Research Finds That Flavoured Vape Ban Would Increase Number Of Young Smokers
A new study has suggested that if flavoured vape juice was restricted, a third of young people who vape would switch to smoking cigarettes.
The findings, published in Nicotine & Tobacco Research, come as an international debate intensifies on the use of e-cigarettes as an aid to help people stop smoking, one that has sparked conflict between UK researchers and the World Health Organisation.
The issues began in January when the WHO published a widely criticised document which has since been criticised by other researchers, as well as by the government and the NHS.
The latter, in particular, has recommended e-cigarettes as a potential aid to help smokers stop, and has emphasised that according to Public Health England statistics, vaping is 95 per cent less harmful than smoking, and 74 per cent of smokers who took up vaping permanently switched to the latter.
However, since this was published, the Health Secretary in charge of the UK’s smoke-free initiative has been replaced, and a proposal that has been made is a blanket ban on both cigarettes and flavoured vapes for people under the age of 21 to match the WHO’s proposals.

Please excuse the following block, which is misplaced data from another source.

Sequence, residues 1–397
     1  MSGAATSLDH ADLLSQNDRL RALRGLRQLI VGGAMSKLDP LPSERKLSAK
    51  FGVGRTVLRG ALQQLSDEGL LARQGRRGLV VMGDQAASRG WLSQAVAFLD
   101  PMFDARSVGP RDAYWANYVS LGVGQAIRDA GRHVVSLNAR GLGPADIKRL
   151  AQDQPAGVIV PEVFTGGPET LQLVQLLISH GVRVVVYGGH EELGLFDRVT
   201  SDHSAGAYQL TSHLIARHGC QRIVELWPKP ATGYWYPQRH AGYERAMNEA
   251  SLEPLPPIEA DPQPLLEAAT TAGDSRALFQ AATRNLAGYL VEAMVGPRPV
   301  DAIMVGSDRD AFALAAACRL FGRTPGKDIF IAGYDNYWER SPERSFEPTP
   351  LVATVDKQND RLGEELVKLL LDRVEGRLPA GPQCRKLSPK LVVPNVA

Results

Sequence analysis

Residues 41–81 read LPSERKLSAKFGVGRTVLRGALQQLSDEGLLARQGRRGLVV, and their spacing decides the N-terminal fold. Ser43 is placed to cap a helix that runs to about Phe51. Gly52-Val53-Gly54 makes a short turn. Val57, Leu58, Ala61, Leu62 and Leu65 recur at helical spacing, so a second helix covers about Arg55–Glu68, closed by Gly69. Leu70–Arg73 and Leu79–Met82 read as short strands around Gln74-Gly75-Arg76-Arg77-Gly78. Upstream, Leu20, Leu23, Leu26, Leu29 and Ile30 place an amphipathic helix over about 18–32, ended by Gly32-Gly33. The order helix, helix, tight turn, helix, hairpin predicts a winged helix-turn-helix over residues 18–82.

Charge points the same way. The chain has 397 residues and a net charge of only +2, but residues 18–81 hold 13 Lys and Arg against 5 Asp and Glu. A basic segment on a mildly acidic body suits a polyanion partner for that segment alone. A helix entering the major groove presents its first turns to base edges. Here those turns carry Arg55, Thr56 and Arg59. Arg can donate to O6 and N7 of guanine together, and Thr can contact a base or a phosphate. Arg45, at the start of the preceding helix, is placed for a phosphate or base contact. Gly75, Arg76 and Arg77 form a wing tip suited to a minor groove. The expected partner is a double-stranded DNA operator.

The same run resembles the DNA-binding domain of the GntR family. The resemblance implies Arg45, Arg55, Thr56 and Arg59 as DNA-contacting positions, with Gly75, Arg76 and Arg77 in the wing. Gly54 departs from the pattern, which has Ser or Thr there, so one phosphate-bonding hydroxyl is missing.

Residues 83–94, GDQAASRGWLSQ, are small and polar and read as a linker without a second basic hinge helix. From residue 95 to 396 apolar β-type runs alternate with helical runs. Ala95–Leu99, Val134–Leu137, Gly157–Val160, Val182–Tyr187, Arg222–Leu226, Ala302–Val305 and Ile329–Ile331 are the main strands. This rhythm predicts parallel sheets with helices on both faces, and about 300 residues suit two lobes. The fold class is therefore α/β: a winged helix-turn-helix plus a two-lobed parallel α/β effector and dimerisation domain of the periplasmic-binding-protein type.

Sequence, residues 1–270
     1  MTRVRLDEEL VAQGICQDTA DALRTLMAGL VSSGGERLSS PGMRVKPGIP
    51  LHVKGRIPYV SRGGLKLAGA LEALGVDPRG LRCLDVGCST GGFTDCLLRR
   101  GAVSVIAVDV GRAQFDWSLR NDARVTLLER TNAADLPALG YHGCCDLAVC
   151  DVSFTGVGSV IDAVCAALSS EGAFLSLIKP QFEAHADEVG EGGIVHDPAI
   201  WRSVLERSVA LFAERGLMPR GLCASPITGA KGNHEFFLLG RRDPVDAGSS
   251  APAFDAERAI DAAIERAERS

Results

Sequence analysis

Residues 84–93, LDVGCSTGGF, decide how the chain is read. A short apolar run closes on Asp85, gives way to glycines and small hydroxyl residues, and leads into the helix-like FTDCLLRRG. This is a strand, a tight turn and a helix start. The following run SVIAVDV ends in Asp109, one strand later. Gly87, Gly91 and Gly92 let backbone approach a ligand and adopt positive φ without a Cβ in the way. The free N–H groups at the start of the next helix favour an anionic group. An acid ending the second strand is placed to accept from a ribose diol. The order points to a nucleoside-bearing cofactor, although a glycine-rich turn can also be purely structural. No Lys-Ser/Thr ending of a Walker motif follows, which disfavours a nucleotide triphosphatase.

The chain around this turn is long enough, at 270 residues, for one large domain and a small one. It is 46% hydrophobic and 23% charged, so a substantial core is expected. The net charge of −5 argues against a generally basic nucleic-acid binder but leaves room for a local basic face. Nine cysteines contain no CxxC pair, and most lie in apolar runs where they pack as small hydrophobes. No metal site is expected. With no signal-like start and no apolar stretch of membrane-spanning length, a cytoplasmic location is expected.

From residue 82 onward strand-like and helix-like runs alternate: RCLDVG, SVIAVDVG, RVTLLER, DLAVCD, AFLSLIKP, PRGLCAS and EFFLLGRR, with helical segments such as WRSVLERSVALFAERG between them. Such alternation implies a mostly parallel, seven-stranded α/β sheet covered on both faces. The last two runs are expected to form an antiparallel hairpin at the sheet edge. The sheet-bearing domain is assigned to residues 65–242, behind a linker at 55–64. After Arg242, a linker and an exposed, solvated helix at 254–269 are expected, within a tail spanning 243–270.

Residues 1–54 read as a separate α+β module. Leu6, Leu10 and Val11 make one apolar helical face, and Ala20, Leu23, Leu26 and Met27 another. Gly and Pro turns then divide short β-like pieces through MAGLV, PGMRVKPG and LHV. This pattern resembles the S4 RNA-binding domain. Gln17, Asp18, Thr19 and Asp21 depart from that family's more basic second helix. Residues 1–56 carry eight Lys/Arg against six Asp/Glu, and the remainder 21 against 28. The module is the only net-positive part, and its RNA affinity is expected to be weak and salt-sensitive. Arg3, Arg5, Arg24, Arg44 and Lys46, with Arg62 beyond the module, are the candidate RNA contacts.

The debate on this is intense, with anti-smoking bodies such as Action on Smoking and Health (ASH) expressing concern over the move, given that their own study highlights that 90 per cent of smokers are unaware that a safer alternative is available.
Their findings also found that just 11.8 per cent of 11 to 17-year-olds had ever tried an e-cigarette, just 3.3 per cent of teenagers who have never smoked have ever tried vaping and less than one per cent currently vape having never smoked a cigarette.
The debate is likely to continue as the government publish their plan for a smoke-free Britain by 2030 later in 2021.